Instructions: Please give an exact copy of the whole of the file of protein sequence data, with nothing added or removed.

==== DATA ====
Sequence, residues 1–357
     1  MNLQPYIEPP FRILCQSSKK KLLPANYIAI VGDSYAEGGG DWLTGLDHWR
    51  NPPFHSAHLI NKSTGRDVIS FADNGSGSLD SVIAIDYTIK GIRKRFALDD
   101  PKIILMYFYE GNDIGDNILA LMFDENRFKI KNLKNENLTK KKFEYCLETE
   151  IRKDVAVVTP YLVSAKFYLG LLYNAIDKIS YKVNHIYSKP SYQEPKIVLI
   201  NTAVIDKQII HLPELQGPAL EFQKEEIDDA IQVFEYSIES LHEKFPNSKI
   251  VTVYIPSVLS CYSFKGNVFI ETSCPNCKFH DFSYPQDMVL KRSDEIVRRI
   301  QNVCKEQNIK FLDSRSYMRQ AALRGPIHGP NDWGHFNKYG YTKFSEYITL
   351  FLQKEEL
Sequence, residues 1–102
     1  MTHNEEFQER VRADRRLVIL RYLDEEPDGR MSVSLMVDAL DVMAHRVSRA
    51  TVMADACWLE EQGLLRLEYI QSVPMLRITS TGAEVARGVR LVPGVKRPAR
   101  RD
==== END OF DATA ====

Sequence, residues 1–357
     1  MNLQPYIEPP FRILCQSSKK KLLPANYIAI VGDSYAEGGG DWLTGLDHWR
    51  NPPFHSAHLI NKSTGRDVIS FADNGSGSLD SVIAIDYTIK GIRKRFALDD
   101  PKIILMYFYE GNDIGDNILA LMFDENRFKI KNLKNENLTK KKFEYCLETE
   151  IRKDVAVVTP YLVSAKFYLG LLYNAIDKIS YKVNHIYSKP SYQEPKIVLI
   201  NTAVIDKQII HLPELQGPAL EFQKEEIDDA IQVFEYSIES LHEKFPNSKI
   251  VTVYIPSVLS CYSFKGNVFI ETSCPNCKFH DFSYPQDMVL KRSDEIVRRI
   301  QNVCKEQNIK FLDSRSYMRQ AALRGPIHGP NDWGHFNKYG YTKFSEYITL
   351  FLQKEEL
Sequence, residues 1–102
     1  MTHNEEFQER VRADRRLVIL RYLDEEPDGR MSVSLMVDAL DVMAHRVSRA
    51  TVMADACWLE EQGLLRLEYI QSVPMLRITS TGAEVARGVR LVPGVKRPAR
   101  RD